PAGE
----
Early Longsword

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The longsword is the subject of the majority of historical fencing manuals from the medieval/high medieval period. While many of the texts also describe other weapons, the longsword provides a common thread throughout. Meyer also uses many of the lessons from the longsword as a basis for his other weapon treatises.

From its earliest days the longsword was a battlefield weapon and remained in use as such through the 14th and 15th centuries, eventually fading into disuse as a common battlefield weapon at the close of the 16th century. During this period, however, it also became the weapon of choice for judicial duels, as well as one of the central weapons in competitive schulefechten. This last application became the central focus of the longsword during the 16th century with the rise in popularity of fencing as a sport amongst the citizens of German towns and cities.

This section covers the early use of the longsword according to glosses of Liechtenauer's Markverse including:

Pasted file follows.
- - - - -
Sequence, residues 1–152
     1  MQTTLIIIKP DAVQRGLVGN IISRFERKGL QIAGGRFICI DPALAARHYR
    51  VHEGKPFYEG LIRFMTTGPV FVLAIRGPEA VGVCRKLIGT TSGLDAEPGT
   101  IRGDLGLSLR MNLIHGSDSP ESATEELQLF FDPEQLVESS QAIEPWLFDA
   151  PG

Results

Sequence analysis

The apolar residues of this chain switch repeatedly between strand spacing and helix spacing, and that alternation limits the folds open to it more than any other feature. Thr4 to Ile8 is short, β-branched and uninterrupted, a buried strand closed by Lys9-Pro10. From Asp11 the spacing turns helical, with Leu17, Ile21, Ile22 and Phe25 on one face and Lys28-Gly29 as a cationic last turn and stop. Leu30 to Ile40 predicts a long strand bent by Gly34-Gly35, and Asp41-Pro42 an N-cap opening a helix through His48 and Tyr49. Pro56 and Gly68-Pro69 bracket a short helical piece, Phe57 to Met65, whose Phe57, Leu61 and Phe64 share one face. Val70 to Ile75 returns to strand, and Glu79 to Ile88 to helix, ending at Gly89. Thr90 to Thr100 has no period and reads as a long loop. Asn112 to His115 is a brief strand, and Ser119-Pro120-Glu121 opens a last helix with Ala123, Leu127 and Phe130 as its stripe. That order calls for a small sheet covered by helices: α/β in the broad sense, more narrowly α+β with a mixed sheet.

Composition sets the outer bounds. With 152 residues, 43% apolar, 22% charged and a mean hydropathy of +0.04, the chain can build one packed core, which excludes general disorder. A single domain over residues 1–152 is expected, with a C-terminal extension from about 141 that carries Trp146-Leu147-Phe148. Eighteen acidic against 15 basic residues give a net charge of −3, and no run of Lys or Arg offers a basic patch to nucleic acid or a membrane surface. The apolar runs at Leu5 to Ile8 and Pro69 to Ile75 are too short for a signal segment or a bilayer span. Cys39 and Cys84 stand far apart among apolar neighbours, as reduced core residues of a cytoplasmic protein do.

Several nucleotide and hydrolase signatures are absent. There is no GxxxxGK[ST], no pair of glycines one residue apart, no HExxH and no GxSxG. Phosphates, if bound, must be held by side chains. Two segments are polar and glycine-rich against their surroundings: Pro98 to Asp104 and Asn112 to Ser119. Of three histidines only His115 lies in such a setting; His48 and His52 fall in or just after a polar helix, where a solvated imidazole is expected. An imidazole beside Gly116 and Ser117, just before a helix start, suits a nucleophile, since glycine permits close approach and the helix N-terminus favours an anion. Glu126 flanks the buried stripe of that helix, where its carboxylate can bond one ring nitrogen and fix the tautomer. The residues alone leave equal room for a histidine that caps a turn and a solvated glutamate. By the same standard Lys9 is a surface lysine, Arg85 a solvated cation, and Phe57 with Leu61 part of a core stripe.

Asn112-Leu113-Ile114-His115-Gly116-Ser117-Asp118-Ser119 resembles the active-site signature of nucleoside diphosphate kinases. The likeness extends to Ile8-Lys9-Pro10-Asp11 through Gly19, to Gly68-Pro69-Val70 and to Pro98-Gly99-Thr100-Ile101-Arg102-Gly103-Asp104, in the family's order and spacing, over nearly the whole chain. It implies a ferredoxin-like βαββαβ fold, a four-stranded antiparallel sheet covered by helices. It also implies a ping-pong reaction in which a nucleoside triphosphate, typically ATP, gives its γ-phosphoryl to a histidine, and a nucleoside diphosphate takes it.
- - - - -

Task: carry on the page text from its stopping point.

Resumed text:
• Pseudo von Danzig
  • Ringeck
  • Lew


Contents

Guards

Fundamentals

Footwork

Fencing Theory

The Cuts

Basic Cuts

The Five Hews

The Five Hews are listed below, along with associated concepts relating to them from the texts.

The Canonical 'Stuck' (Techniques)

TECHNIQUE 1: The Vier Leger (Four Guards)

TECHNIQUE 2: The Vier Versetzen (Four Displacements)

Vier Ansetzen (Four On-settings)

Not a numbered Stuck, but an important elemet bridging the Versetzen and Nachreissen.

TECHNIQUE 3: Nachreisen (Chasing/travelling after)

TECHNIQUE 4: Oberlauffen (Overrunning)

TECHNIQUE 5: Absetzen (Off Setting)

TECHNIQUE 6: Durchwechseln] (Changing Through)

TECHNIQUE 7: Zucken (Pulling)

TECHNIQUE 8: Durchlauffen (Running Through)

TECHNIQUE 9: Abschneiden (Slicing Off)

TECHNIQUE 10: Hentdrucken (Hand Pressing)

TECHNIQUE 11: Hengen (Hanging)

The Sprechfenster (Speaking Window)

Not a numbered Stuck, however this brings together the principles to this point.

TECHNIQUE 12: Winden (Winding)

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